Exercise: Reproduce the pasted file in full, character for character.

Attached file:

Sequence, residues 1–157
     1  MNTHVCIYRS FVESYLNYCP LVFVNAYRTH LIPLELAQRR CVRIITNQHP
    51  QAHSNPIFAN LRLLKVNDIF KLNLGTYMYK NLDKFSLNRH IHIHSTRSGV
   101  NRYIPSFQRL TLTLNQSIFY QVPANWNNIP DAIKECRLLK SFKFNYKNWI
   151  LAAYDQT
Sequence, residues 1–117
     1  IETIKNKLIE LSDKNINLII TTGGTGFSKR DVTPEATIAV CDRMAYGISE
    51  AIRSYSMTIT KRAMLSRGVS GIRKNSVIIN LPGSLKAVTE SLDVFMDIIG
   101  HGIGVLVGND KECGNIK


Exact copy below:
Sequence, residues 1–157
     1  MNTHVCIYRS FVESYLNYCP LVFVNAYRTH LIPLELAQRR CVRIITNQHP
    51  QAHSNPIFAN LRLLKVNDIF KLNLGTYMYK NLDKFSLNRH IHIHSTRSGV
   101  NRYIPSFQRL TLTLNQSIFY QVPANWNNIP DAIKECRLLK SFKFNYKNWI
   151  LAAYDQT
Sequence, residues 1–117
     1  IETIKNKLIE LSDKNINLII TTGGTGFSKR DVTPEATIAV CDRMAYGISE
    51  AIRSYSMTIT KRAMLSRGVS GIRKNSVIIN LPGSLKAVTE SLDVFMDIIG
   101  HGIGVLVGND KECGNIK